I edit a journal called the Journal of Forensic Psychology Practice. Through this journal I have discovered the typical profile of a repeat offender (at any age): inadequate self-control, weak anger management, meager problem-solving skills; distrustful of authority, quick to feel misunderstood, hypersensitive to feeling criticized; often approving of misbehavior in others; unhappy relationships with peers, low grades in school. This personality type responds to difficulties with hostility or aggression, and ignores or purposely flouts social customs when a problem arises.
Bottom line, these are people who carry a lot of misery within. Perceived insults or slights will trigger outsized, disproportionately hostile reactions. Such people fail to impose helpful limits from within, so society imposes limits from without: monetary fines, loss of property, imprisonment.
The worst punishment of all for such people is that others in their neighborhood, school, church, town, or even family will disclaim them. This personality type loses social capital: the support and caring of those nearby. Their only social capital is found in others like themselves, so they become part of a group in which everyone feels lousy most of the time. This loss of social capital may occur painfully early -- preschool onward.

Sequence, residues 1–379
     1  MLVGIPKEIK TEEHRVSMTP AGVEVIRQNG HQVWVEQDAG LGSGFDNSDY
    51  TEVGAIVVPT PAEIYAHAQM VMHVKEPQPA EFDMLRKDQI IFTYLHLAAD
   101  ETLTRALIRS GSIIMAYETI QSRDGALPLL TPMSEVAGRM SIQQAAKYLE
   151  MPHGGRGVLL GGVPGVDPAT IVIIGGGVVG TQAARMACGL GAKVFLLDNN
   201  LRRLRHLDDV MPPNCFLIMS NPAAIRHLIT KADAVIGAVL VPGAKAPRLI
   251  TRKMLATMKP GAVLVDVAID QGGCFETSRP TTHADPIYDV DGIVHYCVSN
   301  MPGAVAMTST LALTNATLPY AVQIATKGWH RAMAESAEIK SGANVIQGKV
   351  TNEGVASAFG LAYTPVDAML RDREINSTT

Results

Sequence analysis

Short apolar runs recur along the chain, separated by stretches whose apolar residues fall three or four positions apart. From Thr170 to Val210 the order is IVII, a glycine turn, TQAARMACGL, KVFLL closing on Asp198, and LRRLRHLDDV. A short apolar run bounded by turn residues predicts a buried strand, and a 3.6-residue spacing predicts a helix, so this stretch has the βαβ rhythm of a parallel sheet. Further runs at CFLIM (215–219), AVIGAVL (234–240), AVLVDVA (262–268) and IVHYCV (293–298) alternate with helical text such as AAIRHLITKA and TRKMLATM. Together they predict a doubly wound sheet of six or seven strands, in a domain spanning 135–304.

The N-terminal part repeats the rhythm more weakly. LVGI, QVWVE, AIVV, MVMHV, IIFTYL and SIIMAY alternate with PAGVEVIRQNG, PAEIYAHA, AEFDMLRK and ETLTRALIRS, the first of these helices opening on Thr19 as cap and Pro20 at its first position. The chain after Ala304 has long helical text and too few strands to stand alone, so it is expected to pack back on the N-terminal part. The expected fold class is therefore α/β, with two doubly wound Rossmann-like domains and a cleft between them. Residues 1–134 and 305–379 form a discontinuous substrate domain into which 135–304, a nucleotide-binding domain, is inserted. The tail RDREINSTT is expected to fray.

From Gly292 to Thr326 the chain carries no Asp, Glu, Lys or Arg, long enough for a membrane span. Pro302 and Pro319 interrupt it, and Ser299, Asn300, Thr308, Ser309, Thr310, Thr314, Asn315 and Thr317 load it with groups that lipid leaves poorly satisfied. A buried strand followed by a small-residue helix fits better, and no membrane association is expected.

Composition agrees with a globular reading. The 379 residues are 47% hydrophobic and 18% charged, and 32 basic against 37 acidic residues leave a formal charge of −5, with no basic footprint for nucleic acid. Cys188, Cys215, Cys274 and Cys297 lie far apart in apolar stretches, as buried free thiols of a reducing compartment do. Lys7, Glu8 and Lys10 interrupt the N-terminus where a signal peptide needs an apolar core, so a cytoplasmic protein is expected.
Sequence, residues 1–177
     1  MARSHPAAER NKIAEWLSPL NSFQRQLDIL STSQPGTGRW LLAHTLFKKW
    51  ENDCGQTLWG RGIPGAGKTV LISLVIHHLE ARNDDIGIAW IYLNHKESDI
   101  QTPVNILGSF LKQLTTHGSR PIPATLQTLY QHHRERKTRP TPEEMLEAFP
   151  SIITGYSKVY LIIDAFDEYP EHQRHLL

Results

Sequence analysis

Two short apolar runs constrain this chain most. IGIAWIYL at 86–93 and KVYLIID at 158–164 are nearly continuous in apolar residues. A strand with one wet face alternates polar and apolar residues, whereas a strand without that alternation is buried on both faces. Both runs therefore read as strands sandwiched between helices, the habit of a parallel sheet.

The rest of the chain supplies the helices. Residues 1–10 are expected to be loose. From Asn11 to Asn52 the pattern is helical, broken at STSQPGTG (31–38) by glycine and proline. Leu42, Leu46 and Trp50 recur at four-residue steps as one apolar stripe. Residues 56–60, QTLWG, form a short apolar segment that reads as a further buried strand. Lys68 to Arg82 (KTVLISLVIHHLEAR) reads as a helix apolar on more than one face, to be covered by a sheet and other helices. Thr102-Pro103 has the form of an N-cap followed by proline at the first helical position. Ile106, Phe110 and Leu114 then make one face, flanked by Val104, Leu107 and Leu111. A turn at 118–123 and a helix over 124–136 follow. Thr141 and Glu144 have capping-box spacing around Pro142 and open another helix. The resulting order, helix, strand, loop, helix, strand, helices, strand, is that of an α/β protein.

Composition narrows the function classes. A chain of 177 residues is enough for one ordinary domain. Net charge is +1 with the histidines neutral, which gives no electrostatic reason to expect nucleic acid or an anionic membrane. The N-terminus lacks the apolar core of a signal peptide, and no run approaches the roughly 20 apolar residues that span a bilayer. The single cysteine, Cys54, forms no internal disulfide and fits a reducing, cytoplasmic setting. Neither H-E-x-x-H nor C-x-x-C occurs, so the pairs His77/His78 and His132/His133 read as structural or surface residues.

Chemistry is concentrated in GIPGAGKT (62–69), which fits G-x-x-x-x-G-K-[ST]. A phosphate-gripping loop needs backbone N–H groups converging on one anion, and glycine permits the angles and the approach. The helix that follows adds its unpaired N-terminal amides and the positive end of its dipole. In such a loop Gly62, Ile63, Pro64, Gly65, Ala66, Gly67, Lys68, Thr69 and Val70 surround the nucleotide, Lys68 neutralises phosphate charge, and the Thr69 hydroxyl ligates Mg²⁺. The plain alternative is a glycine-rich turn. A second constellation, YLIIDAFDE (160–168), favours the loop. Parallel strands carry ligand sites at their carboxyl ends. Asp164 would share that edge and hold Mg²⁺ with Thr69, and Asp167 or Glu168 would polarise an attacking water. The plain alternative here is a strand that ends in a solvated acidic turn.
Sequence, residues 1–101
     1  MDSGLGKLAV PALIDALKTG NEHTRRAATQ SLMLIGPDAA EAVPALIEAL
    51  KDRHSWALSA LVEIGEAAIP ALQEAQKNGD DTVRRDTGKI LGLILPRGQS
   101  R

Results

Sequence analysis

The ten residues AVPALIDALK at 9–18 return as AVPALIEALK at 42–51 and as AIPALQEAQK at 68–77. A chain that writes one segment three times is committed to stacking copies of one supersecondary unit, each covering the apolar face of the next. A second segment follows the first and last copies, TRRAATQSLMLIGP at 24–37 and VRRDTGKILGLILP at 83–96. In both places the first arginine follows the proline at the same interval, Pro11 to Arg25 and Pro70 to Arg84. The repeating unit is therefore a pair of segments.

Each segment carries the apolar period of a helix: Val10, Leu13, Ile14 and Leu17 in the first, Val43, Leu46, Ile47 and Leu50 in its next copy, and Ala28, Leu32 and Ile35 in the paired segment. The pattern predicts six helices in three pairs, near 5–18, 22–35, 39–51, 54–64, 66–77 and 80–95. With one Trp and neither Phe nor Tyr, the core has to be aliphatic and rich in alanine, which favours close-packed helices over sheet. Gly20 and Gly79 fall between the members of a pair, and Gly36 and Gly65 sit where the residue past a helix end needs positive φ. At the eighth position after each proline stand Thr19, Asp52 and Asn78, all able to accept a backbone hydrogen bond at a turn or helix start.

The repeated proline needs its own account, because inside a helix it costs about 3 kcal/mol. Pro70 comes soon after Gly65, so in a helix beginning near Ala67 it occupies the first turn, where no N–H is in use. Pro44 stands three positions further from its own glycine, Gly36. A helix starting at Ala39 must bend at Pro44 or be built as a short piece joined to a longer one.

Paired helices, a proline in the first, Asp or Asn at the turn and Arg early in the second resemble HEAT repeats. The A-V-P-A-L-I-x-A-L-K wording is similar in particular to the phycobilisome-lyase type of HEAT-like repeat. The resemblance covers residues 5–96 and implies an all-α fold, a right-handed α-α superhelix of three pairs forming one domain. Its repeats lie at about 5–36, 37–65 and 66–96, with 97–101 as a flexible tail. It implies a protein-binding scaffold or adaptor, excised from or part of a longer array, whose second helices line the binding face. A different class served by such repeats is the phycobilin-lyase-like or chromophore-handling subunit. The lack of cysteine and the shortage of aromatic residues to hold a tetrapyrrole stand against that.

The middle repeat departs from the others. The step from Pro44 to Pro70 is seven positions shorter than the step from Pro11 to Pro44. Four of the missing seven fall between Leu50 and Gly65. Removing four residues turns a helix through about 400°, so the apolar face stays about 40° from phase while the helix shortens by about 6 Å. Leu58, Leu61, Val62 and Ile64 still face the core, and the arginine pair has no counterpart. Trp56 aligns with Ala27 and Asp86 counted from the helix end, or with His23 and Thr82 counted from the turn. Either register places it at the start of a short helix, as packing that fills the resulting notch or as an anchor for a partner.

No wonder such people turn to drugs to feel better. No wonder they feel triumphant when they annoy, rob, and harm those who have the caring and support that they lack.
One one hand, their neighbors feel a need for protection from these misery-spreading folk, so the neighbors put the miserable ones together in a place called prison. What else is to be done? Is it fair to Mr. or Ms. Good Citizen to leave Mr. or Ms. Misery free to bother others? Is it not justice to punish Mr. or Ms. Misery for spreading their misery?
On the other hand, pooling miserable people in a prison also means making them into a group, with a common adversary for them to hate: law enforcement. Prison guards, police, and so forth take on the job of limiting harmful behavior. Instead of having a life where conflict is continually yielded in favor of loving compromise, the Misery group are given a daily life of battle. In this battle, truth and goodness are sacrificed to the god of winning.
No, prison can't work if the goal is to reduce criminal behavior. Not the way it's set up. In my reading, I see that many prison systems are trying to find better ways than mere adversarial lock-'em-up procedures. But no society will solve its crime problems by building more prisons and imposing stiffer punishments. Nothing changes a miserable person except persistent application of caring. Persistent punishment may limit behavior, but only persistent caring can change it.